ATA Launches Efforts to Help Texans Battered by Storm
Freight Waves, Connor Wolf, Monday, February 22, 2021
American Trucking Associations has launched a relief effort aimed at helping those in Texas and Louisiana impacted by the recent deadly snowstorm.
In Texas, residents were left without power and water after a historic snowstorm hit the state earlier this month. With efforts underway to restore utilities and provide relief to those in need, ATA launched an effort to get clean water to residents.
“We are asking our trucking family to not only keep all those affected in your thoughts and prayers, but to help ATA coordinate relief efforts,” ATA President Chris Spear said in a Feb. 19 letter to members. “Our friends in Texas need your help.”
At around the same time, the federation had plans underway to get two truckloads delivered to Shreveport, La., which also felt severe effects from the unusual weather for the region.
For both states, each truckload carried 20 pallets with an estimated 960 cases of water. And more shipments were in the pipeline, ATA said, once trucks and drivers were lined up.
In Texas, the earliest shipments were delivered to recipients with the greatest need, including Houston Memorial Hermann Hospital and Catholic Charities of Central Texas. The Texas Trucking Association and the Southwest Movers Association are helping to coordinate those relief efforts on the ground.
“We have a pipeline of support that we can tap when these things come up,” Texas Trucking Association President John Esparza told Transport Topics on Feb. 22. “We start plugging in what we know and where we know [help is needed], whether it’s moving generators or locating potable water or just resourcing water to be used in boilers. You name it. We’re looking to connect to people within the trucking universe to be able to help and they very much responded.”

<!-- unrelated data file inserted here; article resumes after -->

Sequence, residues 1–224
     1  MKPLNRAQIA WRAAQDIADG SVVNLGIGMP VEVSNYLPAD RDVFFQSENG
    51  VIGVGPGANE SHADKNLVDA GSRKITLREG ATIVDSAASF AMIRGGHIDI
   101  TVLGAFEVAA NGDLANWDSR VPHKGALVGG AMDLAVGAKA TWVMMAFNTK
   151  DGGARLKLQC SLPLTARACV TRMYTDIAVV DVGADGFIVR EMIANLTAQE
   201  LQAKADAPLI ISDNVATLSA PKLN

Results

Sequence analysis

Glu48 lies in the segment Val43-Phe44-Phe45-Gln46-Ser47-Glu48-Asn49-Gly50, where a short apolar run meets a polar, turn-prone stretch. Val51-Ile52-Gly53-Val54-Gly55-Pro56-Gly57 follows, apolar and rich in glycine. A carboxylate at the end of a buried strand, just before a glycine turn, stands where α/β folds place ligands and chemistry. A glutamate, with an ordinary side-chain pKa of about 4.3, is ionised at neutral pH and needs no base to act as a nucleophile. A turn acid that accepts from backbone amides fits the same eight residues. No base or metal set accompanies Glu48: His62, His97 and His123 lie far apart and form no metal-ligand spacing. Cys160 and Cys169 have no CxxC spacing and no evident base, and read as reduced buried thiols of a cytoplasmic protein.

Esparza noted that the state has a good level of preparedness to coordinate relief efforts due to experience with past natural disasters like hurricanes. While the snowstorm presents different challenges, knowing whom to contact for emergency management or to move supplies is the same, he said. Esparza noted that uncertainty created by the fast-changing situation with the current relief effort is a challenge, but said drivers who have volunteered are providing constant updates about road conditions and availability of fuel.
“A lot of that stuff has to be triaged by the hour,” Esparza said. “Just anything we can do with boots on the ground to evaluate the situation hour by hour as we are going through this.”
In Louisiana, over-the-road carriers Preferred Materials has been helping coordinate efforts between local trucking companies, the state trucking association and ATA.
“We have been working diligently in aiding both state and local governments in relief efforts, as well as working with our area hospitals to provide them with much-needed water 24 hours a day,” company president David Todd Ruple said in a statement to TT. Ruple said he expected to be providing water to area hospitals at least through the week of Feb. 22, and noted that while southern states simply weren’t prepared for such a severe snowstorm, he was glad to see the industry leading the relief effort.
“I am proud of our trucking community,” Ruple said. “We did and are doing what we always do — pulling together and getting much-needed supplies and goods delivered to those in need. That is the heart of the truck driver — to serve others and their communities regardless of the obstacles and hardships they may face.”
ATA is asking members, affiliates and others to consider donations of cash, supplies or transportation to assist with storm relief efforts.